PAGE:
Entrepreneurial Leadership: Hong Bui, CEO/Founder, Polkast and Nina Ries, Esq., Principal, Ries Law Group

Hosted by Chris Dyer, the CEO of PeopleG2 – Talent Talk Radio features engaging conversation with CEOs, thought leaders and HR executives.  Talent Talk connects professionals who care about talent-related issues and entrepreneurial leadership. Today’s guests include Hong Bui, CEO/Founder, Polkast; and Nina Ries, Esq., Principal, Ries Law Group.  To hear the entire show, click http://tiny.cc/talenttalk_bui_ries

The interviewees both drove home the notion that enjoying what you do is an absolute essential.  In fact, they both argue that being passionate about your work directly affects your business outcomes.

HONG BUI entrepreneurial leadership
Bui has a 30 year career in the high-tech industry with companies such as Apple and Amazon.com, but his entrepreneurial leadership is what drives him.  Polkast is his latest venture, which allows individuals to build their own private cloud networks. 

While Apple and Amazon are both powerful companies built on big ideas, Bui observes that Amazon is a service company catering to consumer needs, while Apple seeks to “build the most amazing products and then builds the market out of that.”  Bui adds: “For me, to build my own company, I have a blend of those two philosophies.”

Particularly as a business owner, Bui argues that loving what you do absolutely drives your success, pushing you to “work harder, longer and give you the courage to try again when you fail.”  That is what entrepreneurial leadership is all about.

Hire for Smarts

“Once you mix in sub-par individuals is when your company starts to iterate to the average,” Bui warns. “That places the responsibility on the manager…to make sure people are screened appropriately.”

Bui acknowledges that not all prospective talent bring the whole package that certain roles, such as product management, need. “Amazon does the best job of developing those talents.  They hire the smartest person they can because they know they can train them.”

Innovation is a Process

Over the years, Bui has come to rely on process to guide innovation.  It is only through process that “you can measure yourself and performance of your company, and come up with areas you can do better.”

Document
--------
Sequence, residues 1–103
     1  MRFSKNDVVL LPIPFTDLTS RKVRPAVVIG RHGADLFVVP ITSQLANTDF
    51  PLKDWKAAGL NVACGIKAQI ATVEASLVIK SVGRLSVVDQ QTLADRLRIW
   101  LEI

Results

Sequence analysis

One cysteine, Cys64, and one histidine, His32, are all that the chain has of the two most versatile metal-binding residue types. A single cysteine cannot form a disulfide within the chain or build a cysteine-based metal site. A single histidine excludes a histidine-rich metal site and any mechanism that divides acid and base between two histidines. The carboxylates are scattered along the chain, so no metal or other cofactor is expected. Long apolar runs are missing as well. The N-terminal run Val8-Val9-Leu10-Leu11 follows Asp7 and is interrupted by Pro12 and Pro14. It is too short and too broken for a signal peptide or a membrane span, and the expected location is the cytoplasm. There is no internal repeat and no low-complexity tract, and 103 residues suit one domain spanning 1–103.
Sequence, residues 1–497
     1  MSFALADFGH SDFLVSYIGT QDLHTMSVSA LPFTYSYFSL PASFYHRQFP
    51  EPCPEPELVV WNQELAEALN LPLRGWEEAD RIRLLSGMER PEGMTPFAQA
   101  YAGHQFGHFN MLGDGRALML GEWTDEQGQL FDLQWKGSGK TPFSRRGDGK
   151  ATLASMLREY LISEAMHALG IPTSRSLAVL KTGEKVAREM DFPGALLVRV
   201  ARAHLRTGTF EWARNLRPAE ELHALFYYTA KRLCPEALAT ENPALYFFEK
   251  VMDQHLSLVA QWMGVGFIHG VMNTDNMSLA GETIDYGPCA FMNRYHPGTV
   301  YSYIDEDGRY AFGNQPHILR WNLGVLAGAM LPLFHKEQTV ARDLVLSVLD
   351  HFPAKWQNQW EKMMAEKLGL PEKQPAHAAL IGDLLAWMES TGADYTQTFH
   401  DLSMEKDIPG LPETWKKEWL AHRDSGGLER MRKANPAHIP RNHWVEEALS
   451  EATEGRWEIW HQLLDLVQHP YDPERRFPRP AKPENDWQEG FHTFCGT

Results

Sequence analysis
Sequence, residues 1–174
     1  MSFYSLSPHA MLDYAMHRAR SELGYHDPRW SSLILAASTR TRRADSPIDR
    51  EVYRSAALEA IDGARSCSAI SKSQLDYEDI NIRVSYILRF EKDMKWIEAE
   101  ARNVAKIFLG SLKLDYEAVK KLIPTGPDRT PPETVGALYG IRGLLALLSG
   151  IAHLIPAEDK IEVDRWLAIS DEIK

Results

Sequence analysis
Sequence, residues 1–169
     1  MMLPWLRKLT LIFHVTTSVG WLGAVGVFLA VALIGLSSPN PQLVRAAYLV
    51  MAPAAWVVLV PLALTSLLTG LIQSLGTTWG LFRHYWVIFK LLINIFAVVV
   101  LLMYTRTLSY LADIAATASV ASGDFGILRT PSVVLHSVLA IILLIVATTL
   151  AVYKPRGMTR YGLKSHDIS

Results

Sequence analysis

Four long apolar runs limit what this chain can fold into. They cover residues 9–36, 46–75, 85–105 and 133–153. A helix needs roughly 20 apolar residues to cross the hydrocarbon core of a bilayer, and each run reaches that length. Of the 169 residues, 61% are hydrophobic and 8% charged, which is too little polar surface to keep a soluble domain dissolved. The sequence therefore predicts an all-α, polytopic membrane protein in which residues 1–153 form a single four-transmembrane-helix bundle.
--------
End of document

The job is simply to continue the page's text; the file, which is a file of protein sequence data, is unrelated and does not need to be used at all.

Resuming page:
And innovation is essential in an industry that grows roughly 50 percent per year.  To compete, companies “need to be smarter, need to be more efficient, need to learn more…and hire the right talent.”

Honing the Art of Communication

Communicating is a skill Bui has honed for the past 25 years, not only as a shy person who adopted English as a second language, but as an innovator who needs to translate abstract ideas to others – and get others excited about them.

What are you Reading?

Bui recommends Good to Great by Jim Collins.  “I’ve read it five times already but I learn something new each time.”

How Can People Connect with You? Please visit the Polkast website at www.polkast.com


NINA RIESentrepreneurial leadership

Ries started off as a litigator and eventually created a “one stop shop” for companies of all sizes in business and real estate.  It was her entrepreneurial leadership that pushed her forward.  Because she is an entrepreneur herself, Ries finds: “When I counsel my clients on legal matters, they are more open to discussing business problems.”

“You spend far too many hours working not to be passionate about what you do.”  Further, Ries asserts that when you’re passionate about what you do, “you take more pride in your success, and with that I think you’ll really have more success.”

More Than a Leader in the Law

Ries has gleaned lessons learned from current clients, other businesses and previous employers. She also looks to quintessential leaders for best practices that can translate across industries.  “As a business owner, you’re constantly…growing, and every day provides an opportunity for education.”  As a leader, Ries comments: “I try to be hands off, set very clear expectations, and let people struggle on their own…to see what results they can arrive on without my help.”  

She also incorporates different voices into her decisions.  “Everyone brings their own point of view to the table.  Perspective is a very important thing, especially in my line of work where you have judges and juries making decisions.”  Her entrepreneurial leadership has been framed and helped along by these different leaders.

Legal Factors in Talent

“Here in California, non-compete agreements have been struck down as invalid,” Ries says. “Confidential and proprietary information can be deemed protectable trade secret information if it’s been treated as such by the company.”  Putting the proper guidelines and practices in place not only protects information from use by competitors but also ensures employees inclined to leave understand the protections around it. 

As for her own recruiting process, she shares: “It’s almost impossible to know if someone is going to be problematic from single interview.”  Thus, she involves multiple interview rounds with others on her team and ask questions directed at weeding out disinterest, laziness and intellectual dishonesty. 

She also needs talent who can work with her to think creatively about legal problems, a key value she brings to her clients. Ries’ individual creative style starts with diagramming the legal problem visually and then switching gears for a while and returning to it later.

What are You Reading?

Ries tends to read social science works such as Social Animal by David Brooks.  She’s currently also enjoying Sandra Day O’Connor’s Out of Order.”

How Can People Connect with You? Via her website at www.rieslawgroup.com.

Tune into the show next week, and remember, do what you love….and show the world how talented you can be, today.

Date: September 17, 2013